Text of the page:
- Click here for background on the case.
And click here for Campbell v Acuff-Rose Music, Inc, the precedence for it - it involves a rap group's use of "Oh Pretty Woman."
Here is the commentary from ScotusBlog:
- Click here for the post.
A massive book-copying project by Google, giving its customers a chance to search the texts of more than twenty million volumes, survived a broad copyright challenge in the Supreme Court on Monday. With no noted dissents, the Justices voted to leave intact lower courts’ conclusion that what Google is doing with the project amounts to legal “fair use,” even of the volumes protected by exclusive rights.
Justice Elena Kagan, without explaining why, did not take part in the Court’s consideration of an appeal by the Authors Guild, a professional society of writers, joined by three authors whose books were copied: Jim Bouton, Joseph Goulden, and Betty Miles. The case is Authors Guild v. Google, Inc.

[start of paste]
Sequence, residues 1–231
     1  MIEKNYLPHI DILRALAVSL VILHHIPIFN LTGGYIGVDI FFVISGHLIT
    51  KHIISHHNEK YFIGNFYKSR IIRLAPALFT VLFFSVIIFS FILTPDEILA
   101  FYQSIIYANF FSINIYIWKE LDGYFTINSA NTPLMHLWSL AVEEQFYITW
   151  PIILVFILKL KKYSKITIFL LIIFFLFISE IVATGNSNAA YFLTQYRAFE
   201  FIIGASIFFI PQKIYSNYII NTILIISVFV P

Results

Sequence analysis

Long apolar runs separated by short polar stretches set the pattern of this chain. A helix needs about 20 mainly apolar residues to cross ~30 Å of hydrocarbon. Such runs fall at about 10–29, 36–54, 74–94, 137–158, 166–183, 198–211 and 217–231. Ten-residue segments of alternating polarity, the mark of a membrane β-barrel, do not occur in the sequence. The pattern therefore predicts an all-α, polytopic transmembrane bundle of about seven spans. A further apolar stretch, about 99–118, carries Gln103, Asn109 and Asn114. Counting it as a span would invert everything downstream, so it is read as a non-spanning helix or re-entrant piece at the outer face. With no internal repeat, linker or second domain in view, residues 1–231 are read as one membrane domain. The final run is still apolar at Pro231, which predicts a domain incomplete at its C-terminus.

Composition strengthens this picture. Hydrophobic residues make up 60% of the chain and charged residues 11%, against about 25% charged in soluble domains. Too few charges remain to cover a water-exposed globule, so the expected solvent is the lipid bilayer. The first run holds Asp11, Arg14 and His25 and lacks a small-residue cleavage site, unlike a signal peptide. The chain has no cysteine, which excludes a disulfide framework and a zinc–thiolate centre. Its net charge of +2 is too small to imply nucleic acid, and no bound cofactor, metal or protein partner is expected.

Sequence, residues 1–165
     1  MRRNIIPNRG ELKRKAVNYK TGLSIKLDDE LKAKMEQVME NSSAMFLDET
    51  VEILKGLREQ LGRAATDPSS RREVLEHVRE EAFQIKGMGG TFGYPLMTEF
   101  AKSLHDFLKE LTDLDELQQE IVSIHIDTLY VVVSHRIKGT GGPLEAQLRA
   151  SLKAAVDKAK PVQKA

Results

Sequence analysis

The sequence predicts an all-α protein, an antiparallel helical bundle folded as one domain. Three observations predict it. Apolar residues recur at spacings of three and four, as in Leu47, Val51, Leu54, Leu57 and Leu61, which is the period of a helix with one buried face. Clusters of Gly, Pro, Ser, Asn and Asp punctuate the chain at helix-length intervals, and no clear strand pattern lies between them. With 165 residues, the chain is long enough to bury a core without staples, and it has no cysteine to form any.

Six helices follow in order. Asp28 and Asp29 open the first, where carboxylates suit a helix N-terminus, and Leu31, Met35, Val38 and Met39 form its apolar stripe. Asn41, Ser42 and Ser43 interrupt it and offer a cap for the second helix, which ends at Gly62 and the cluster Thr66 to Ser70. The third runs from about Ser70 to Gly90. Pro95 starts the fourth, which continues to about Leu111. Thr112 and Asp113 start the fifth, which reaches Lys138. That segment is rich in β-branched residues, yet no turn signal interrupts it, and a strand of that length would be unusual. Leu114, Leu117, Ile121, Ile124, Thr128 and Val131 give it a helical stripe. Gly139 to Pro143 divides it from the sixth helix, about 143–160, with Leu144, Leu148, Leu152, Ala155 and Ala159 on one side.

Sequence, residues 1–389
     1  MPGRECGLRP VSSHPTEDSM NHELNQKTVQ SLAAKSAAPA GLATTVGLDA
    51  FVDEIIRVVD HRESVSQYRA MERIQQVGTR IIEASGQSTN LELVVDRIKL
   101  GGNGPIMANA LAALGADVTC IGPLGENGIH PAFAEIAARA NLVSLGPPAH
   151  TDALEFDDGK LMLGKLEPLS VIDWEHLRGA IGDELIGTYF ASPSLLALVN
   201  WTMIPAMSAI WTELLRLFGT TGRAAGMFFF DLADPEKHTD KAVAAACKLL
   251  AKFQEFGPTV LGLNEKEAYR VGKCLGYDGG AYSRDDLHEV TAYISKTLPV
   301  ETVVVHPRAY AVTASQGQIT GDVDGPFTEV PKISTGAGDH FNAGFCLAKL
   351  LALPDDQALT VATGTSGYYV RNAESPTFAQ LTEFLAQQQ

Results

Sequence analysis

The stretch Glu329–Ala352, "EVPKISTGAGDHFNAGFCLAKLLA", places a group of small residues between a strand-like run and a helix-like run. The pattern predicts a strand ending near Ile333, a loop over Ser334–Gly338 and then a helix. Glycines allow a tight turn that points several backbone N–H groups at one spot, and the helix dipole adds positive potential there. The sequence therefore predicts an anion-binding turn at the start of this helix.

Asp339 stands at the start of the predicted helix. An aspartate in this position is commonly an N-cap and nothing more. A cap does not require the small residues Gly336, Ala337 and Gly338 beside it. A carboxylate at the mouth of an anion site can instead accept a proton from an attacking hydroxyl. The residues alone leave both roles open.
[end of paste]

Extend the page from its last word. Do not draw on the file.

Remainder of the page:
The challengers, in their appeal, argued that the lower court decisions awarding Google a summary victory deviated sharply from the traditional view that one who copies a protected creative work can only claim the legal defense of “fair use” if the copying satisfies the four factors that Congress spelled out in federal law.
What happened in this case, the challengers argued, was that lower courts permitted Google to rely upon its claim of “fair use” by inventing a new legal concept — that is, so long as the one who makes copies “transforms” the work into another, culturally useful mode, then it is legal. That, the guild and the authors asserted, “empowers judges to approve any re-use of copyrighted works that those judges deem socially beneficial.”
For more on the subject:
- What is Fair Use?
- U.S. Copyright Office Fair Use Index.